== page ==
Bill Cosby and his wife, Camille, slam 'grossly immoral' judge in scathing post

Bill Cosby’s wife Camille accused a Pennsylvania judge of trying to turn The Cosby Show actor into a “brutal, black buck.”

She used the racial slur in a scathing post about Montgomery County Judge Steven O’Neill, who said he let five other accusers testify at Cosby’s sex-assault trial because their accounts had “chilling similarities” that pointed to a “signature” crime.

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“Now, after more than 50 years of work that humanized the dehumanized, which also challenged the perpetual architects of racist, exploitive and greedy manoeuvres that have enabled them to divide and conquer… my husband has been severely redefined by Judge O’Neill, despite having zero proof,” Camille wrote in a statement posted to her husband’s Instagram page.

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“Judge O’Neill, with a great deal of help from the media, has tried to turn Bill Cosby into one of the most insidious stereotypes of African American men… the brutal, black buck,” she continued.

“I stand firmly with my wife on the foundation of solidarity and truth. Camille has always been a fearless warrior against corruption and bigotry. She’s not afraid of this unethical judge, nor am I afraid of O’Neill’s grossly immoral tactics,” Bill Cosby said.

“Keep fighting… Dear … I Love You Very, Very Much,” Cosby concluded.

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A jury last year convicted Cosby of drugging and sexually assaulting Andrea Constand in 2004 after hearing from her and the five others. Cosby, 81, is appealing his conviction based on the women’s testimony and other key rulings by O’Neill.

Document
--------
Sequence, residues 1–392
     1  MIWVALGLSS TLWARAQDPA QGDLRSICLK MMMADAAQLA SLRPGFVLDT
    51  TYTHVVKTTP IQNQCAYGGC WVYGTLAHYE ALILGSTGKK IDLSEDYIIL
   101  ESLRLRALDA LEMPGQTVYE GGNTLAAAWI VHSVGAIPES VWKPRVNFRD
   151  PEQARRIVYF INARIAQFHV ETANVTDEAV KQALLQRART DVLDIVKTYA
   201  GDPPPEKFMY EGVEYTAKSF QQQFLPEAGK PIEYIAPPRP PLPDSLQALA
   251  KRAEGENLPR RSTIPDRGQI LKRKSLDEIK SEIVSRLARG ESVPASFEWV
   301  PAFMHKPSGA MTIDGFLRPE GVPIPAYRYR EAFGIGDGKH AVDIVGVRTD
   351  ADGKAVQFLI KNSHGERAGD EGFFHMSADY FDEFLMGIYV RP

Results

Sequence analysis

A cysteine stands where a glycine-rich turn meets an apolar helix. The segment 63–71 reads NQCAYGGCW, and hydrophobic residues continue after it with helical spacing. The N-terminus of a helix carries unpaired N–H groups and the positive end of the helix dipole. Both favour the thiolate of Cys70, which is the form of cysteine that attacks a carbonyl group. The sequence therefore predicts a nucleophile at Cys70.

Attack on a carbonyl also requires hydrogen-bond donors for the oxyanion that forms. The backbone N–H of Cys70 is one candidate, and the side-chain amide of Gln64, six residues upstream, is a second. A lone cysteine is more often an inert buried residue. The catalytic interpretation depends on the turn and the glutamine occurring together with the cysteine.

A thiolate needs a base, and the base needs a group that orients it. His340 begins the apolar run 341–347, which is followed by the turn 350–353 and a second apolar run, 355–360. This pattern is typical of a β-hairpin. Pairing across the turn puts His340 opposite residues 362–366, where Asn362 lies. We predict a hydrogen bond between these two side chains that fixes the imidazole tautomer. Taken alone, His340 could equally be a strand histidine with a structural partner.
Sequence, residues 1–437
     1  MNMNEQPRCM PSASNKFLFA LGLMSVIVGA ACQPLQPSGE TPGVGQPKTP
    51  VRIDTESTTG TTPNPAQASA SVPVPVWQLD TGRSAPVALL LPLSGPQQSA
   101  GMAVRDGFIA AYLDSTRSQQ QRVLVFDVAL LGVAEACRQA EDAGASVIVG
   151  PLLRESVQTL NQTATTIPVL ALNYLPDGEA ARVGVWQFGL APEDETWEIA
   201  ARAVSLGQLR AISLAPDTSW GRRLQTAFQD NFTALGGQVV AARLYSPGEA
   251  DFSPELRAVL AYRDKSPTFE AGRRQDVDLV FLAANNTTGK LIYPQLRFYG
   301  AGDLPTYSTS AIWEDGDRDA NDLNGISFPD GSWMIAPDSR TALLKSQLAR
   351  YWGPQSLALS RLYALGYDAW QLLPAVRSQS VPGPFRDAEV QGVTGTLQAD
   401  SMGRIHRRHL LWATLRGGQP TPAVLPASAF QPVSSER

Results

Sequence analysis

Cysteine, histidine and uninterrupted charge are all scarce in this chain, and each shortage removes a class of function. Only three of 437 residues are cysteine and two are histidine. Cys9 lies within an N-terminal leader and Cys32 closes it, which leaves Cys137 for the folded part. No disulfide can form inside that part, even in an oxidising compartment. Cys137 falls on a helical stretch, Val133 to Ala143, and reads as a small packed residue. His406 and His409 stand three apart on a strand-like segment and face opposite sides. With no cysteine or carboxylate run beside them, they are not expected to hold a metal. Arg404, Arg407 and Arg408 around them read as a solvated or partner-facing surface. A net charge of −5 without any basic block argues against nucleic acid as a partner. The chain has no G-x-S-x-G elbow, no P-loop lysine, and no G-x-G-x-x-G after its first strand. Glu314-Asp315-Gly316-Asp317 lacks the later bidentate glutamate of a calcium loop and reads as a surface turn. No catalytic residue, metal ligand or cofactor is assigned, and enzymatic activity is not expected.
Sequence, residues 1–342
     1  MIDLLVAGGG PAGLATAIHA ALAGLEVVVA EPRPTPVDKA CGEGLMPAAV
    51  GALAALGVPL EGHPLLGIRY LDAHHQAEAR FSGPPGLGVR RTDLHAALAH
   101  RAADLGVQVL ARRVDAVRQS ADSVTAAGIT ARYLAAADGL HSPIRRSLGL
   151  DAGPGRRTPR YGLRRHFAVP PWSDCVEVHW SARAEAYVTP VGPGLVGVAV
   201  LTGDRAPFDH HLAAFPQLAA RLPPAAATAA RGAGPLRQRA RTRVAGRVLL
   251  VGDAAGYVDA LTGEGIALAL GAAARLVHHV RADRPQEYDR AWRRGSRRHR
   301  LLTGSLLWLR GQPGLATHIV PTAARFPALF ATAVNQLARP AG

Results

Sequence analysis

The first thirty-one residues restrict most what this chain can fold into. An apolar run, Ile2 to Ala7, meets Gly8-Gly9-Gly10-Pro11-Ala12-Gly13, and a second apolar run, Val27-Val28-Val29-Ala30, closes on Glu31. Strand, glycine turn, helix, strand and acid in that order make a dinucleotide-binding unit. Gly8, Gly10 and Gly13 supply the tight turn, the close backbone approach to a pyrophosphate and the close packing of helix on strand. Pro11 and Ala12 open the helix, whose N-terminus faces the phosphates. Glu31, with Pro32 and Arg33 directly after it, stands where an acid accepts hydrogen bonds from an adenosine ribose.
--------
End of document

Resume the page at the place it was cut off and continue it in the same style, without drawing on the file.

Cosby began serving a three- to 10-year prison term in September at a state prison near Philadelphia.

O’Neill, in a lengthy opinion filed Tuesday, said he found “striking similarities” in the women’s descriptions of their encounters with the comedian long beloved as “America’s dad.”

“In each instance, (he) met a substantially younger woman, gained her trust, invited her to a place where he was alone with her, provided her with a drink or drug and sexually assaulted her once she was rendered incapacitated,” O’Neill wrote. “These chilling similarities rendered (their) testimony admissible.”

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O’Neill had allowed just one other accuser to testify at Cosby’s first trial in June 2017, when a jury deadlock led to a mistrial. Cosby was retried in April 2018, months after the #MeToo movement burst into view with sexual assault accusations against director Harvey Weinstein and other powerful men in Hollywood and beyond.

In the ruling Tuesday, O’Neill said the new defence team that handled Cosby’s retrial never directly challenged him on the difference in his two trial rulings about the other accusers’ testimony. At any rate, he said, judges are not bound by their prior decisions.

The defence, in outlining their appeal issues, have also argued that Cosby had a binding agreement with a former prosecutor, Bruce Castor, that he would never be charged in the case. O’Neill again rejected the claim Tuesday, finding that the signed press release from Castor used to bolster the claim falls short of an immunity agreement.

Cosby spokesman Andrew Wyatt said in a statement: “O’Neill has a habitual habit of always trying to cover his many errors, which continues to show his hatred towards Mr. Cosby.”

—With files from the Associated Press

© 2019 Global News, a division of Corus Entertainment Inc.

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